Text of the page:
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Claus Brunsmanns pictures have a feeling of free material and gestural abstraction. They transmit, with great energy and a particular aesthetic elegance, subjective emotional charge as well as images full of values linked to sublimated and distorted memories of nature.

The quality of this painting emerges with greater clarity exactly when one looks at the various sequences of the pictures as a whole. In this way, one can appreciate the tonal variations, the sensibility of the apparently chaotic gestural movements, the spatial tension determined by skillful chromatic stratifications and the physical impact of the painted surfaces.

Francesco Poli






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Zwei Arbeiten von Claus Brunsmann aus der Sammlung Mario Bertolini sind jetzt im ‚Museo del Novecento‘ Mailand.


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Claus Brunsmann’s works testify to the power of a painting, which aesthetically manufactures, or even invents, the reality in the image. The series of works presented here, all of which were produced between 2001 and 2012 provide a solid panorama of his oeuvre.

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Claus Brunsmann in ‚Meisterschule’
by Marco Meneguzzo

Claus Brunsmann is not afraid of using painting, and a type of painting that could almost be defined as landscape. What is interesting is not so much the erudite reference to Romantic painting right up to the most recent German painters, but the romantic attitude of the artist, who expects the spectator to perform the rite that he himself has already performed, and that involves the absolute confrontation between the self and the canvas, betwenn the will of the subject and the resistance of the object. This is by no means a new theme, but is not „old“ either: this is why it is a question of the absolute, of a challenge that is repeated eternally in the same terms as at the beginning and that cannot be exhausted in the history of art, however much the history of art has attempted to wear out the theme of the painter and the blank canvas. Ultimately - to paraphrase Balzac - a masterpiece can even remain unknown, because success is not the purpose of painting.

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Ohne Titel, 2016, Öl auf Leinwand, 80 x 80 cm






Claus Brunsmann’s work oscillates between figurative and abstract art and covers a broad range of form and content. The paintings are characterised by a multi-layered penetration of the medium and its tradition and are deeply rooted in the history of art. At the same time, they open up traditional imagery to unfamiliar interpretations and ways of seeing modern media.

Claus Brunsmann’s works testify to the power of a painting, which aesthetically manufactures, or even invents, the reality in the image. The series of works presented here, all of which were produced between 2001 and 2012 provide a solid panorama of his oeuvre.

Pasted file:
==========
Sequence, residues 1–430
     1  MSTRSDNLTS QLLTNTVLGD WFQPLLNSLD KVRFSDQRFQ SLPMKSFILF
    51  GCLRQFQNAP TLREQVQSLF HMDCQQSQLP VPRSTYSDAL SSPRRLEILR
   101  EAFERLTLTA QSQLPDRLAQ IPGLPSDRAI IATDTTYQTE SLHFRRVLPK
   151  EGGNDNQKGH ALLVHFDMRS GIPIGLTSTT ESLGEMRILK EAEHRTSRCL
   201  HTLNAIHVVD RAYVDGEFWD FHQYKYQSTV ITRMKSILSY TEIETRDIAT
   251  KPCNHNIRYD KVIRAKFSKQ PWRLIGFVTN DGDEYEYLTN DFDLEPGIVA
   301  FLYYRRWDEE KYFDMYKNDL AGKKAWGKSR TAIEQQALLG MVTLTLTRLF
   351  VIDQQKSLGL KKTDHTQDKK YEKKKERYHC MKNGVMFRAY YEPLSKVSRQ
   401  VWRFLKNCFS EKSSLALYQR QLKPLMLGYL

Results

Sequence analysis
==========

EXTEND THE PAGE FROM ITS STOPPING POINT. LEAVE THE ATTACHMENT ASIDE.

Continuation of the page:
KERBER / Published in September 2012

ISBN: 978-3-86678-767-4
Format: approx. 21,00 × 27,00 cm
Pages: approx. 88
Illustrations: with numerous illustrations
Cover: Hardcover with clothbound, bound

German | English


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Claus Brunsmann, Katarakt / Hieronymus / PDF 3, 91 x 91 cm, Oil / Canvas, 2011

Berliner Katarakt, 2010, 130 x 115 cm, Oil / Canvas






KATARAKT, Bildserie 2007-2010

Katarakt steigt tiefer in die Geschichte des Sehens ab, geht zurück bis hinter den Moment, in dem die Landschaft als ein Gegenstand der Malerei erscheint: Der Zyklus baut einen Dialog auf mit den Heiligenbildern, wie sie in der Malerei der frühen Renaissance erscheinen – die Katarakt-Motive nehmen Piero della Francescas Bild des Heiligen Hieronymus auf, die Johannes-Motive beziehen sich auf das Bild des Täufers in der Einöde von Geertgen tot Sint Jans. Katarakt zitiert die alten Heiligenbilder nicht, übernimmt sie nicht in einen neuen Kontext, sondern übersetzt sie – die imaginär festgelegte Figur wird geöffnet, defiguriert.

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KATARAKT, series 2007-2010

Katarakt delves deeper into the history of seeing, going back to a point before landscape appeared as a subject of painting. The cycle develops a dialog with paintings of saints, as these appear in the early Renaissance – the Katarakt motifs take up Piero della Francesca’s painting of Saint Jerome, and the St. John motifs are related to the picture of the Baptist in the wilderness by Geertgen tot Sint Jans. Katarakt does not quote the old painting of the saints nor does it place them into a new context. Instead it translates them – the imaginary predefined figure is opened up and dismantled.

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Claus Brunsmann IDOLE, UNTOTE UND WIEDERGÄNGER (Figurative Bilder 2009-2012)

Service, 2011, Liquitex auf Leinwand / acrylic on canvas, 110 x 145 cm






In diesem Zyklus beschäftigt sich der Künstler mit der Frage, inwieweit Illusion und Realität überhaupt voneinander trennbar sind. Es sind Bilder, die sich mit dem Erinnern auseinandersetzen und von den Fragen und der Fragwürdigkeit einer erinnerten Wirklichkeit handeln.

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With this cycle the artist deals with the question of the extent to which, or even whether, illusion and reality can be separated from one another. These are paintings that grapple with memory and deal with the question and questionability of a remembered reality.

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© Text und Abbildungen: Claus Brunsmann 2000-2017 , Haftungsausschluss/disclaimer